Bonds wallops Nos. 71, 72

Giants star becomes the king of home runs

October 06, 2001|By Peter Schmuck | Peter Schmuck,SUN STAFF

SAN FRANCISCO - San Francisco Giants superstar Barry Bonds insisted for months that Mark McGwire's single-season home run record was not in danger, but last night he made it his own.

Bonds launched his 71st and 72nd homers of the season off Los Angeles Dodgers pitcher Chan Ho Park at Pacific Bell Park to eclipse a mark that seemed all but unbreakable when Big Mac established it in 1998.

McGwire didn't just break Roger Maris's 37-year-old record of 61 homers three years ago. He demolished it, leaving room to wonder if anyone but the bigger-than-life McGwire himself could match it.

No one is wondering anymore. Bonds broke one of baseball's most hallowed records with an incredible display of power and patience. He has hit more home runs than anyone while also shattering Babe Ruth's 78-year-old record for walks in a season.

"Tonight, Barry Bonds made history by establishing a new Major League Baseball record for home runs in a single season," said baseball Commissioner Bud Selig in a prepared statement released during the game.

"As one of only two players in Major League Baseball history to reach the 70-home run plateau, Barry has demonstrated on a national stage why he is one of the greatest players of our generation."

There was barely time for the suspense to build for the thousands of Giants fans who had to watch from afar when Bonds tied McGwire's record with a mammoth 454-foot blow off Houston Astros rookie Wilfredo Rodriguez on Thursday night in Houston. He passed McGwire in his next at-bat with another majestic drive - a shot to right-center field that traveled 442 feet and landed just a few feet from the sign that keeps count of Bonds' career home runs.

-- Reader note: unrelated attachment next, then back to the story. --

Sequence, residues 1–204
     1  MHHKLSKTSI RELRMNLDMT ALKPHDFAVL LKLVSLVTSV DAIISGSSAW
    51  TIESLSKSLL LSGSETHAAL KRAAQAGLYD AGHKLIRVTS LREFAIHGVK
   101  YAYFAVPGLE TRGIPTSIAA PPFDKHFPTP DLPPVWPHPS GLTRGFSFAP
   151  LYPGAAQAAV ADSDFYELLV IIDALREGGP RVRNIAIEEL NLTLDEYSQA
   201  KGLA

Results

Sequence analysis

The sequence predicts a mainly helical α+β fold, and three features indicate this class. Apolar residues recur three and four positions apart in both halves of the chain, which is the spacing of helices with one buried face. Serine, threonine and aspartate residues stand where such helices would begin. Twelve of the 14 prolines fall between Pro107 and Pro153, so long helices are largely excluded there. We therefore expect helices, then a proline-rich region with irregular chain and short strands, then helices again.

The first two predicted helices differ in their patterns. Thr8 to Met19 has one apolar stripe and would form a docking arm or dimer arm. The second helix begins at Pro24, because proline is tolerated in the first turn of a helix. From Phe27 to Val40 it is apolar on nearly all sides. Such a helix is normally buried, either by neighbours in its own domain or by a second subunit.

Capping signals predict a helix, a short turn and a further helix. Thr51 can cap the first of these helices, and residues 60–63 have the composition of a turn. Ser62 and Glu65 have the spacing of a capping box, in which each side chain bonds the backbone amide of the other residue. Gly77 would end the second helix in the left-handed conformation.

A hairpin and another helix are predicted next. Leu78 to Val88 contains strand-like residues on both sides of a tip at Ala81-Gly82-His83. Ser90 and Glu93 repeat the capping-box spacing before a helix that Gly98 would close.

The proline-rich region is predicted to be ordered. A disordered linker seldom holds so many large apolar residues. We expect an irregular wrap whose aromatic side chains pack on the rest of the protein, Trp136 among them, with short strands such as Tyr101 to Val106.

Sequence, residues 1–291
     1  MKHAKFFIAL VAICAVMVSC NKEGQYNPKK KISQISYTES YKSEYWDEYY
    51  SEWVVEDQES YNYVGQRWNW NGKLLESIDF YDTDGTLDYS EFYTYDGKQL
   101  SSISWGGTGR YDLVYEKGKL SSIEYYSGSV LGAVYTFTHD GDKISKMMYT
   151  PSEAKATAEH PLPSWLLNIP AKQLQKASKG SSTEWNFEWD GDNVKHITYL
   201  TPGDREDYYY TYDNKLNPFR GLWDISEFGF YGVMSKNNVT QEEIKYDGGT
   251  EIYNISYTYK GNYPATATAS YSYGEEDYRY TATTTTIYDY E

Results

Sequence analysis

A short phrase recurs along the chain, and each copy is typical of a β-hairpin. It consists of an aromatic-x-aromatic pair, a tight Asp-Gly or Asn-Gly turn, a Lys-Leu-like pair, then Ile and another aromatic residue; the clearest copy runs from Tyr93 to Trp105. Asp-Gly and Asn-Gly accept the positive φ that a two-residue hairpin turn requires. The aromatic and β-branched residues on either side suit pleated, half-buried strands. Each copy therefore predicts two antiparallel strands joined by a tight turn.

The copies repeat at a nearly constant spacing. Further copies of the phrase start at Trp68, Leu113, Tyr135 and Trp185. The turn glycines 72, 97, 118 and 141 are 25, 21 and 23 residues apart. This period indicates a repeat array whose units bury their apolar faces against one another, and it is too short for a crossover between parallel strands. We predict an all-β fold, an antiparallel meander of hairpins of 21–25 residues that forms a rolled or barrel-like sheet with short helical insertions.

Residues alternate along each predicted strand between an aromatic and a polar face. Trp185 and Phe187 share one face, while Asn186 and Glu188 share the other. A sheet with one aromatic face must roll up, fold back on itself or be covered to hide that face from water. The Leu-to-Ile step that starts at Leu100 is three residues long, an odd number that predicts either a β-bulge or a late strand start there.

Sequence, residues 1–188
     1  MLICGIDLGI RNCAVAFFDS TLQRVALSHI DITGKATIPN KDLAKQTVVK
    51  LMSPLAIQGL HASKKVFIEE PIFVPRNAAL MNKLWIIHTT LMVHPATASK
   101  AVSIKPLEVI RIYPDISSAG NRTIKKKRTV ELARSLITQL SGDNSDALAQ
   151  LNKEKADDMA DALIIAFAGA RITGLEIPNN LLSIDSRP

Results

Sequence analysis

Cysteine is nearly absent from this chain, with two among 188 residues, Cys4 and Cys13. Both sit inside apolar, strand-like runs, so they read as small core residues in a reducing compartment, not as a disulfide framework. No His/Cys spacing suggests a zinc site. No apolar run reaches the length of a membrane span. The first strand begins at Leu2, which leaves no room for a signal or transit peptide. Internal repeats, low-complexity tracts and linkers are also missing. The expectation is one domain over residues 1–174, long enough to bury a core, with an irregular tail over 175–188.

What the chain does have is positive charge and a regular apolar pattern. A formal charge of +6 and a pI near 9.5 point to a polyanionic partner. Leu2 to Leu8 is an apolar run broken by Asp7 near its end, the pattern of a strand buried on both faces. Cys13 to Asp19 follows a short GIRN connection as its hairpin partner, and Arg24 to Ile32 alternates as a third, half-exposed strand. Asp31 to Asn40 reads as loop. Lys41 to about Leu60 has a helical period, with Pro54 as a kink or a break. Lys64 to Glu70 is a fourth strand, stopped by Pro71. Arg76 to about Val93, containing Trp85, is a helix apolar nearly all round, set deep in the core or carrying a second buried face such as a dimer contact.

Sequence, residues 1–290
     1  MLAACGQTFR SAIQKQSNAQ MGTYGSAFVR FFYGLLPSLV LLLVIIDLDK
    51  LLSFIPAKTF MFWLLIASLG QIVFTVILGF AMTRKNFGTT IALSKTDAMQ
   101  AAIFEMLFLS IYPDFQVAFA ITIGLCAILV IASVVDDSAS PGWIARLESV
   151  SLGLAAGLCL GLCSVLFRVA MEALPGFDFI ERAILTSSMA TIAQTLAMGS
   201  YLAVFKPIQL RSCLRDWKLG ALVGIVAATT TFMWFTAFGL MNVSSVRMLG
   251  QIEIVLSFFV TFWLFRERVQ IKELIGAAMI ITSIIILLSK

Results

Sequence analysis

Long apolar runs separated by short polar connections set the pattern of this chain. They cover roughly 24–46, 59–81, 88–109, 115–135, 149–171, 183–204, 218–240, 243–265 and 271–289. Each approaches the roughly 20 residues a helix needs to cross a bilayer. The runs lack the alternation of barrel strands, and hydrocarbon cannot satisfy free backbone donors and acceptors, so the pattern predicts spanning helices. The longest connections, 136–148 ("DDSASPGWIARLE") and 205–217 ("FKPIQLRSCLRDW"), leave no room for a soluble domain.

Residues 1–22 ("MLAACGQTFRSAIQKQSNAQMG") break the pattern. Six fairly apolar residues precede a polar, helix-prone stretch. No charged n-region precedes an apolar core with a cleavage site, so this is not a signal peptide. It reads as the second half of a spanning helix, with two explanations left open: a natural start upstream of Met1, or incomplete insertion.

That number now stands at 566, seventh on baseball's all-time list.

Bonds' torrid pace the past few weeks had made the record seem inevitable, but there was some question whether he would get anything to hit in the final two series of the regular season. He moved within one home run of tying the record with homers last Friday and Saturday against the San Diego Padres at Pacific Bell Park, but saw just one hittable pitch in four plate appearances during the final game of that series.

The Astros, locked in a tight division race with the surging St. Louis Cardinals, walked him eight times in his first 13 plate appearances during the series at Enron Field, finally challenging him after the last game of the series had gotten out of hand.

The scene at Pac Bell was similar. Bonds circled the bases quickly and was greeted at home plate by his 11-year-old son, Nikolai, and all of his teammates. The tenor of the celebration was slightly muted, however, because the Giants had fallen behind the Dodgers by five runs in the top of the first inning and were in danger of being eliminated from playoff consideration.

Bonds took a couple of curtain calls and went into a camera well behind home plate to greet his wife and other family members. He also accepted congratulations by phone from his father, former major league outfielder Bobby Bonds, while the Dodgers waited patiently on the field for the game to continue.

So much for the theory that they would not give him a chance to hit one of baseball's most important home runs against them. The Dodgers long ago had met their quota for historic homers at the hands of their most bitter rival, when Bobby Thomson hit the famous "Shot Heard Round the World" against them 50 years ago Wednesday.

Dodgers Manager Jim Tracy said earlier in the week that everything would depend on the game situation, and he was true to his word. There was no reason for Park not to challenge Bonds with a five-run lead and no runners on in the first inning, but the 1-0 pitch was almost too good to be true.

Park would serve up another one in the third, No. 72, a towering fly ball that barely cleared the center-field fence. The ball bounced back onto the field and was retrieved by Dodgers center fielder Marquis Grissom.

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